March 20, 2018
The Public's Shock That We Care is What Holds Us Back
By Annie Stauffer
In January, there was a shooting at Marshall County High School. Since then, we’ve had two gun threats at my school in Owensboro, and I know friends across the state have had similar experiences.
What happened at Marjory Stoneman Douglas High School ignited a flame within students across the country. And what Kentucky needs to know about school climate and safety is that that flame—the one that will drive us to take a stand and fight for schools that feel safe—is here to stay. What Kentucky needs to know about school climate and safety is that listening to the ideas, opinions, and voices of students can no longer be an afterthought.
This is the moment where we have to pause and think critically about the climate of our schools—how can we help students feel connected to each other and to their schools?
The way students feel about their school has significant impact on how they learn, and we can’t separate current political and social issues from that fact. Change starts with listening. It starts with opening up conversations so young people aren’t just allowed to share their experiences and knowledge, but encouraged to. Students have opinions and solutions. We shouldn’t have to wait until we are of voting age to express them.
Kentucky, there are a lot of steps we can take to improve school safety. We need increased funding and support for mental health services in schools. We need responsible gun ownership. We need school discipline policies that help students rather than criminalizing them. We need open dialogues on social and emotional support between students and teaching staff. But we also need room for students to have a say in these conversations.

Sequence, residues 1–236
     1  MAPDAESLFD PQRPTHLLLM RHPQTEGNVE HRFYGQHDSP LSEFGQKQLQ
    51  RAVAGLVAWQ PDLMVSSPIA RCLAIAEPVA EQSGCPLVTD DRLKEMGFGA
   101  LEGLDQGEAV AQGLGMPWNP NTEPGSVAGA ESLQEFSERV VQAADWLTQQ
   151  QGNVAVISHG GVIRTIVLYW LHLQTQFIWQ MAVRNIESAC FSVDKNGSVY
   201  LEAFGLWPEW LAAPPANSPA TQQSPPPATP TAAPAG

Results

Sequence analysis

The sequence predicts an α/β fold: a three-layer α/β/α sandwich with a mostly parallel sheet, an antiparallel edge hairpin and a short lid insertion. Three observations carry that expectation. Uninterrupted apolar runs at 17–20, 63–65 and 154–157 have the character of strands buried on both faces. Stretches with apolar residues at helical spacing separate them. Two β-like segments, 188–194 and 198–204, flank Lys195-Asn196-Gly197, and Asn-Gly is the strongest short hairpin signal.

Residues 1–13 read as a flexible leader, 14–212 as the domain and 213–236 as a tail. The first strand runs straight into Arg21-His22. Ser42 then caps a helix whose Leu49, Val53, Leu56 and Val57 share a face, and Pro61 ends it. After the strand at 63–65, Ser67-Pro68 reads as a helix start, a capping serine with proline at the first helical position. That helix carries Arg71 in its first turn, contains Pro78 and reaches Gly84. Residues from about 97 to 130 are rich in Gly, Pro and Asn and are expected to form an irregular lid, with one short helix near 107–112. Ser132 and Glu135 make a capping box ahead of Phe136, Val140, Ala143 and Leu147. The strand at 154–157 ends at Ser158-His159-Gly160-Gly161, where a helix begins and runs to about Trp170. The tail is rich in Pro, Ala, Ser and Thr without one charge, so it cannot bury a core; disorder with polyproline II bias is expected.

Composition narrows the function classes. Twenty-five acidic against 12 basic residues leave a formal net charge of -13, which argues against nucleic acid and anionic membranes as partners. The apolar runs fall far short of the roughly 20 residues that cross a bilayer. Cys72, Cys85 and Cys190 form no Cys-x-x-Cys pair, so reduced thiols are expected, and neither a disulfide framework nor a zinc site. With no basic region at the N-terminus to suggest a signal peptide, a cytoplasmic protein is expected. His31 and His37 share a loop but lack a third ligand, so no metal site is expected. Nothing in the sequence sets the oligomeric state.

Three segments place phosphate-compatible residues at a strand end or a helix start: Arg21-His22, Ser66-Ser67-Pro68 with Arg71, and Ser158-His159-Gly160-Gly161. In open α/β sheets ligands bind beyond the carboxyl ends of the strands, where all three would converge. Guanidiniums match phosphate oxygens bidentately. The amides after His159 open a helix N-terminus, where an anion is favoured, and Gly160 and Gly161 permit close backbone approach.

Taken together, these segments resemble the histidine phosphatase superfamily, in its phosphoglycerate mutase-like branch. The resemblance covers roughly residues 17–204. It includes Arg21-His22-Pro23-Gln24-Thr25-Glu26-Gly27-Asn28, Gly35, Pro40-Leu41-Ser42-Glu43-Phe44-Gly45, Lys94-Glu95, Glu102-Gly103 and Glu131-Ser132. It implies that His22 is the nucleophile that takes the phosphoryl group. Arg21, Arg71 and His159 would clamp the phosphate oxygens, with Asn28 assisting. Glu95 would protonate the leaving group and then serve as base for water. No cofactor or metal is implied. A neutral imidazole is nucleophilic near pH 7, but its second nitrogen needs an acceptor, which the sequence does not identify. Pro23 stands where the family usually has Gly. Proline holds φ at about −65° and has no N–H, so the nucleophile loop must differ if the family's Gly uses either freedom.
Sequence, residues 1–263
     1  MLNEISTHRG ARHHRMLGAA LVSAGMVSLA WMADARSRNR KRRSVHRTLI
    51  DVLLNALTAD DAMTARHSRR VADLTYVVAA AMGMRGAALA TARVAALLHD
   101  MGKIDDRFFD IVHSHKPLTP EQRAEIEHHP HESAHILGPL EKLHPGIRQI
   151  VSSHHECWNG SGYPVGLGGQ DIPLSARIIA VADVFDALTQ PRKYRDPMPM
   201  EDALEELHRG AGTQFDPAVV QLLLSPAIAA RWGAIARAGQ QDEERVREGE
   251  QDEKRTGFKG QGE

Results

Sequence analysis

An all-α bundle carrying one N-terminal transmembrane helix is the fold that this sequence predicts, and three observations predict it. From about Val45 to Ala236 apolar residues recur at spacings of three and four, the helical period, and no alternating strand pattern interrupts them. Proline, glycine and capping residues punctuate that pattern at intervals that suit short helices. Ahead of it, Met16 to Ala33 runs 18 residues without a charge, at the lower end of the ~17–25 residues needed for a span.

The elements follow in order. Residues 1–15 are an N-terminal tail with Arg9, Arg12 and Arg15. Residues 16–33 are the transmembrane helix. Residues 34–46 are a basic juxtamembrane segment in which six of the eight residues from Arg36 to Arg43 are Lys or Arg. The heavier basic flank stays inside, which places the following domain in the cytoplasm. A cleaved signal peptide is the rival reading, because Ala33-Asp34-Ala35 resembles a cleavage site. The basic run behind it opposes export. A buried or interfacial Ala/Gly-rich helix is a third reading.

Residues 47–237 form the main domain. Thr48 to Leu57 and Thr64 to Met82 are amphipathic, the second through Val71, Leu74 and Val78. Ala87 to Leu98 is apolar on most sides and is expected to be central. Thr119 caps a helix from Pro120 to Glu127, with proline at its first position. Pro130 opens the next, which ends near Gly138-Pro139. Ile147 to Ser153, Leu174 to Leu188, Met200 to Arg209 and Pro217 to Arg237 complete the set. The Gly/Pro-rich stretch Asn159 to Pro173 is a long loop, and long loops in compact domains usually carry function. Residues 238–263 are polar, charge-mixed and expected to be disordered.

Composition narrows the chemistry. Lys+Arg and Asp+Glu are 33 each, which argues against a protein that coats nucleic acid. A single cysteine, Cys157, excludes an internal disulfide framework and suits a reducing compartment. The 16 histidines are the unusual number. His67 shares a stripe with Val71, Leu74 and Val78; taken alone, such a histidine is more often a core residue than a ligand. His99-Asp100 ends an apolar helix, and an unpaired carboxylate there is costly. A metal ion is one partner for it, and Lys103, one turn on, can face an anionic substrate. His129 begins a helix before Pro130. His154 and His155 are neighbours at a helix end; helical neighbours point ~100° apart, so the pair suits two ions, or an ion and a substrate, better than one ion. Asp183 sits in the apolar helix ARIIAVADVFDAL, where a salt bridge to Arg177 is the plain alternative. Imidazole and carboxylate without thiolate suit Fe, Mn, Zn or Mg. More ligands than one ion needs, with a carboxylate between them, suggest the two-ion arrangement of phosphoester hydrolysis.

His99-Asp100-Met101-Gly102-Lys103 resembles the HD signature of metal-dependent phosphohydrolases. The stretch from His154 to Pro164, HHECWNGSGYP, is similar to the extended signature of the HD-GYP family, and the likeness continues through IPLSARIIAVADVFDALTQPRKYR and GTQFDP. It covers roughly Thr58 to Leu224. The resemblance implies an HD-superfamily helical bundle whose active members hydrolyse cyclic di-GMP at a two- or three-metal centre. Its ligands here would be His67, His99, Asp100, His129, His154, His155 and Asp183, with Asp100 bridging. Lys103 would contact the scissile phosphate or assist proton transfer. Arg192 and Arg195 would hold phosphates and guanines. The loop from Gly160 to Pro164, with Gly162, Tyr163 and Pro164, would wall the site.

The public’s shock that students care—that we can make a difference—is what holds us back. Students can, must, and have overcome our learned helplessness. Student movements have been impetus of change throughout history. In 1967, thousands of students in Philadelphia walked out of school to protest racial discrimination they faced in both their school and community. Their requests for a more relevant and diverse curriculum and less discriminatory school policies were met with police brutality and incarceration. In 1970, after twenty-eight U.S. National Guardsmen fired over sixty rounds in less than fifteen seconds, killing four students as they protested the Vietnam War at Kent State University, four million students from around the country refused to attend school in resistance and solidarity. Students care, and they can, must, and have made a difference.
We are one society. We are a democracy. We must strive to abolish the ageism that has kept students from serving as partners with adults in making our schools better. Kentucky can’t make significant strides toward improved school climate without students.
We have to work together to achieve safety and equity for students across the state—and for the students who will come after us. I want the next generation of students at my high school to know they are safe, supported, and heard. Students are not just the future. We are a vibrant part of the present. On March 20th, history can note that Kentucky students asked not only for a change, but to make that change with adults, as partners.
Annie is a former member of KSVT. She graduated from Daviess County High School in 2018 and Transylvania University in 2021.